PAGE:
More on my memories of the fall of Saigon forty-five years ago this month:
During the last week of April 1975, as I reported earlier, I was sleeping in my office located on the northern edge of Saigon and living on bar snacks scavenged from a local cocktail lounge. As I scrambled to get the last of my people safely out of Vietnam before the North Vietnamese took the city, I spent hours destroying our classified material. Since even the presence of National Security Agency (NSA) personnel in Vietnam was secret, reams of paper had to be burned. Then the ashes had to be stirred to be sure nothing was left legible.
As I took loads of material out to burn in the incinerators in the parking lot of our compound, I spotted brawny young American men with skinhead haircuts inside the fence. They were wearing tee-shirts and tank tops, shorts, and tennis shoes. And when two or three of them were walking side by side, they fell into step with each other as if marching. I realized they were Marines in mufti. But I knew all the Marines in country, so who were these guys?
I found out the next day. I was trying unsuccessfully to grab some sleep on the cot in my office when the door chime sounded. I took my .38 revolver and went to the door. Through the peephole I saw a middle-aged American man dressed in shorts, rubber flip-flops, and the wildest Hawaiian shirt I had ever seen, colors so bright they hurt my eyes. The man gave me a flat-handed wave and a silly grin, and I recognized him. It was Al Gray, a Marine officer I’d worked with on and off during my thirteen years in and out of Vietnam. I’d first met Al when he was a captain in the early 1960s. I knew he was now a colonel. I’d never before seen out of uniform—I didn’t think he owned any civvies. And I knew he never came to Saigon unless he had to, then he stayed less than a day if he could. He hated bureaucracy, and his job was in the field with his troops. I put aside the .38 and opened the door. “Hi,” he said. “Can I come in?”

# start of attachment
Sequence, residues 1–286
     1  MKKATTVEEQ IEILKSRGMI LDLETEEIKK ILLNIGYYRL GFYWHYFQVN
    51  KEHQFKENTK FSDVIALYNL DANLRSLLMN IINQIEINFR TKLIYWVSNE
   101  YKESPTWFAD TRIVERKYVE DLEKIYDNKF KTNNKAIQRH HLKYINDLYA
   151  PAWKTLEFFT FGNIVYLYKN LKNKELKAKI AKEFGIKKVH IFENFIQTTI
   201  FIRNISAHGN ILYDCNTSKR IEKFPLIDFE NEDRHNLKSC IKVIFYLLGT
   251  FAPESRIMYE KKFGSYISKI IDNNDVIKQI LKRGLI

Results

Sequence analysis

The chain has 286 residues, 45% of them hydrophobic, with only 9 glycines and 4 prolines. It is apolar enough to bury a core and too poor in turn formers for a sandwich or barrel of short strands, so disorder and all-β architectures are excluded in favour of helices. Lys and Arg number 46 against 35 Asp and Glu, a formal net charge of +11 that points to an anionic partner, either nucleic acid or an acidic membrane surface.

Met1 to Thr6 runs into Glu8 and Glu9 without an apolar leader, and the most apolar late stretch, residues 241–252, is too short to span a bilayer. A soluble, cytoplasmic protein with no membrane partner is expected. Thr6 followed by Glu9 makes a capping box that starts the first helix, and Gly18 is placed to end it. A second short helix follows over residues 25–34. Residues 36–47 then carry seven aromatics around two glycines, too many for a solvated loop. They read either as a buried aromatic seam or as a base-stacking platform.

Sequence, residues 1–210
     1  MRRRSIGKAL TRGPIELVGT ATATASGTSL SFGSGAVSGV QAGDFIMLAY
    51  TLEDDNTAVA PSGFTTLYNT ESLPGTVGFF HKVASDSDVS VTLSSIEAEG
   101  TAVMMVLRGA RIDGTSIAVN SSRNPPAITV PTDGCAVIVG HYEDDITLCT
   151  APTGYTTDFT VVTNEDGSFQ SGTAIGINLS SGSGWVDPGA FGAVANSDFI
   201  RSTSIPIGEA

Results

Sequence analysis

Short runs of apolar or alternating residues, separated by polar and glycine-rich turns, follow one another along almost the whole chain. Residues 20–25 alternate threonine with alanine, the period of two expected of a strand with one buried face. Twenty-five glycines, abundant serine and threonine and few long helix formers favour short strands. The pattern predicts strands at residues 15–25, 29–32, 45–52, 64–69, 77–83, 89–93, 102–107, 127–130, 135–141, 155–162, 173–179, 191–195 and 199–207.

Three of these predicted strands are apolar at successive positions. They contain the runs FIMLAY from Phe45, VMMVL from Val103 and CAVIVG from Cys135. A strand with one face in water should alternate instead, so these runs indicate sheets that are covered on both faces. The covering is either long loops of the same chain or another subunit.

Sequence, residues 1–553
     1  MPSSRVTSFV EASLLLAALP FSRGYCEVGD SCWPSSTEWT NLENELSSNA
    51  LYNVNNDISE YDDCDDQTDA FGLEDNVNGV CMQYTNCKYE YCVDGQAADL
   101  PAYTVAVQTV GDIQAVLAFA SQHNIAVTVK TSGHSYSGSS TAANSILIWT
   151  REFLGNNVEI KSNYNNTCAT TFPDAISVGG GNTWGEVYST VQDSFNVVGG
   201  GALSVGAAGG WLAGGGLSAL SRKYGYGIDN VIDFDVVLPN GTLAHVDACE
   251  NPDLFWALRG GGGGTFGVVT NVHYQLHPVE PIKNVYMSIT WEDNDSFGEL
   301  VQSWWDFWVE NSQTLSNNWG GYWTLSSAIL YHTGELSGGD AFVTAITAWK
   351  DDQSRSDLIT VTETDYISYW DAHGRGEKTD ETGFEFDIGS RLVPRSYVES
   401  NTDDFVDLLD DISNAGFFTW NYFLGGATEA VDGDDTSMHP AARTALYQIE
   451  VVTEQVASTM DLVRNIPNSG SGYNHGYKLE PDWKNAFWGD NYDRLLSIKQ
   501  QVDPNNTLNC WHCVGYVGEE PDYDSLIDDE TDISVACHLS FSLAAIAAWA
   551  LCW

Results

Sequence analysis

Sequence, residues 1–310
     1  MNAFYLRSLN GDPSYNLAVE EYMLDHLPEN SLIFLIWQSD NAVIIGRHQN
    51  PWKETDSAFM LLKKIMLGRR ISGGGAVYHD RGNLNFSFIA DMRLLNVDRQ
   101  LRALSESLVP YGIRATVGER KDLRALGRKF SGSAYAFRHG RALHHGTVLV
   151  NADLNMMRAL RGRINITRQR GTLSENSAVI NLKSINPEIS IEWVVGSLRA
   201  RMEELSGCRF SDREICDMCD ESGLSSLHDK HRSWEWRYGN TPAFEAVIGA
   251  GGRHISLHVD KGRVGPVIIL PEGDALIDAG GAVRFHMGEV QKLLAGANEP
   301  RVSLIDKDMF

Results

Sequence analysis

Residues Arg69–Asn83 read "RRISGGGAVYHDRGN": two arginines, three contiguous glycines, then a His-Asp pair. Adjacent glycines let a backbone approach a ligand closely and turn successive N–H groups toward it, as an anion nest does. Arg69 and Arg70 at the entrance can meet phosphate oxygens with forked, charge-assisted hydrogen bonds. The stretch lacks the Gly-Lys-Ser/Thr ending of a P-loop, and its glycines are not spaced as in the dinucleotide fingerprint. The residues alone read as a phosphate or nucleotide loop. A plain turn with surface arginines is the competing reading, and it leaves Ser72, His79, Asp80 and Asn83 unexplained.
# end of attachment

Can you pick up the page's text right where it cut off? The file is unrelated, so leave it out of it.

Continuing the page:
We went into my office and we talked. I told him everything I knew about the military situation, but he knew more than I did. What he was less clear about was the mobs of refugees flooding Saigon. I explained that I couldn’t get a car through the streets any more and that the compound was now surrounded by a crowd ten to fifteen people deep, all demanding evacuation. I was afraid the fence might not hold.